A Method for Measuring the Corrosion Rate of Materials in Spallation Neutron Source Target/blanket Cooling Loops
This paper summarizes the ongoing evaluation of the susceptibility of materials in accelerator target/blanket cooling loops to corrosion. To simulate the exposure environment in a target/blanket cooling loop, samples were irradiated by an 800MeV proton beam at the A6 Target Station of the Los Alamos Neutron Science Center (LANSCE). To accomplish this, a cooling water loop capable of exposing corrosion samples to an 800MeV proton beam at currents upwards of 1 mA was constructed. This loop allowed control and evaluation hydrogen water chemistry, water conductivity, and solution pH. Specially designed ceramic sealed samples were used to measure the real-time corrosion rates of materials placed directly in the proton beam using electrochemical impedance spectroscopy (EIS). EIS was also used to measure real-time corrosion rates of samples that were out of the proton beam and “downstream” from the in-beam samples. These out-of-beam probes primarily examined the effects of long lived water radiolysis products from proton irradiation on corrosion rates. An overview of the LANSCE corrosion loop, the corrosion probes, and data from an in-beam alloy 718 probe are presented. Published by Elsevier Science Inc.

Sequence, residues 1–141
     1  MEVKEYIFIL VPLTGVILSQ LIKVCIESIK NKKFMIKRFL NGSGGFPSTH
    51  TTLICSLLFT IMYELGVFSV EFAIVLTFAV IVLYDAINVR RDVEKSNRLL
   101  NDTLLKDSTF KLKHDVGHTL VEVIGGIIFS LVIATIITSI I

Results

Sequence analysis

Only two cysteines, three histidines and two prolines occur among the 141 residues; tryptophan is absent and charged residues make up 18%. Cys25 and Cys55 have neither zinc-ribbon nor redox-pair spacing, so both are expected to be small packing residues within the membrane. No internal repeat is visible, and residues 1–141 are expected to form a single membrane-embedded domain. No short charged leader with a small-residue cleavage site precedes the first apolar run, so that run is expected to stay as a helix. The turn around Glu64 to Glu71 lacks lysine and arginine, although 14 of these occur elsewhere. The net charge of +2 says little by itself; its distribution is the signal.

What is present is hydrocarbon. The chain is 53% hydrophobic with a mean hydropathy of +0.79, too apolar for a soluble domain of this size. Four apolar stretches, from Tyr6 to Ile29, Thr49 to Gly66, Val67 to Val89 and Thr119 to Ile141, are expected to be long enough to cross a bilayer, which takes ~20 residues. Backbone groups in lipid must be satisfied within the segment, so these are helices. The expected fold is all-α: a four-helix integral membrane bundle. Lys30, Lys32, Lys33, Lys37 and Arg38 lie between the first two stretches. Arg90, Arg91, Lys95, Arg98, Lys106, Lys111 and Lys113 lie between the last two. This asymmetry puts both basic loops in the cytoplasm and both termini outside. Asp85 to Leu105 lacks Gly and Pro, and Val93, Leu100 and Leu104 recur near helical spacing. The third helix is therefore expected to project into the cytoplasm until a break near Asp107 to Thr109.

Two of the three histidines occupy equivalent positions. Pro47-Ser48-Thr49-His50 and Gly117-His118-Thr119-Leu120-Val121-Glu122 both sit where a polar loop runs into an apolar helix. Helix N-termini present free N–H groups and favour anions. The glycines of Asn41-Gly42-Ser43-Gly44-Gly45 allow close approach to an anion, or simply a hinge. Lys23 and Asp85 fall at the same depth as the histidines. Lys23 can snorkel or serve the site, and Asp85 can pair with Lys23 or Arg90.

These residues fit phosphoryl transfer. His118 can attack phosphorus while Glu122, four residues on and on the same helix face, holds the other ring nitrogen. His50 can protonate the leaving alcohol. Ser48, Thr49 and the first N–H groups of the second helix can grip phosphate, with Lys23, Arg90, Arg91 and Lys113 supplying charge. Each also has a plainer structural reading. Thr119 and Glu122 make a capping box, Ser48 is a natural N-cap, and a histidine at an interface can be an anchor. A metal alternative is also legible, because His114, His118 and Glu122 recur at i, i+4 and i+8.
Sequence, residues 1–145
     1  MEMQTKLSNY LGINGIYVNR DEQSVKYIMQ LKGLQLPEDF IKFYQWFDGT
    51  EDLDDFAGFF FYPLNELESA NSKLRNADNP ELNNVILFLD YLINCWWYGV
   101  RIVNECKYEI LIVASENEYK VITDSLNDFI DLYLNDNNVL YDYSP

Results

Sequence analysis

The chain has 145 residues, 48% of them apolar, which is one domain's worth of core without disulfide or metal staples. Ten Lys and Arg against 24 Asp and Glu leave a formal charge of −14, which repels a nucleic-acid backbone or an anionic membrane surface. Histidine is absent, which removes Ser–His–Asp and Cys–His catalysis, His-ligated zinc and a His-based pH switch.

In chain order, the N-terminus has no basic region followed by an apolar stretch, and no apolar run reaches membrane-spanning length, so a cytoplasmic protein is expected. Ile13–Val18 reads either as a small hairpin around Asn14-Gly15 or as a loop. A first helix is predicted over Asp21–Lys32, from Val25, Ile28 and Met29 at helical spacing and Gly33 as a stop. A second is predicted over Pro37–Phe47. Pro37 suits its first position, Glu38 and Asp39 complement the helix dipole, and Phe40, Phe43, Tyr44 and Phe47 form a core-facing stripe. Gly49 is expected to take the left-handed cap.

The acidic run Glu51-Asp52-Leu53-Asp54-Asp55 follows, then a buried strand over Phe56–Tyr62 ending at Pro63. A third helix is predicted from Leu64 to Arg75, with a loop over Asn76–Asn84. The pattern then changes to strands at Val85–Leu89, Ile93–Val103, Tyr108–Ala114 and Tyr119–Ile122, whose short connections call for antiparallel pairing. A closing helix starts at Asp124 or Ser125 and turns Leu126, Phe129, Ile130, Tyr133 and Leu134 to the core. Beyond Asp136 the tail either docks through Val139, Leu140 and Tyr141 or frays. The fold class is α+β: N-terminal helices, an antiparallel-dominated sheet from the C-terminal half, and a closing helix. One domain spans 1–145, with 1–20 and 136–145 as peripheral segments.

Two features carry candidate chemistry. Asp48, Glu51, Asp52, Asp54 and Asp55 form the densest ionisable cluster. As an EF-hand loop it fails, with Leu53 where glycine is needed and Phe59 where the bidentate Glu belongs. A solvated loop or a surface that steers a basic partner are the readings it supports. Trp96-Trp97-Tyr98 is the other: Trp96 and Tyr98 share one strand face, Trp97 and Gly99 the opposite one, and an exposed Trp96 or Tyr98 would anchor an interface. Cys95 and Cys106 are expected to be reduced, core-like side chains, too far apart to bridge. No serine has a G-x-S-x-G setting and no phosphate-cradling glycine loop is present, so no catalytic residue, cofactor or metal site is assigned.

Lillard, Robert, "A Method for Measuring the Corrosion Rate of Materials in Spallation Neutron Source Target/blanket Cooling Loops" (1999). Chemical and Biomolecular Engineering Faculty Research. 431.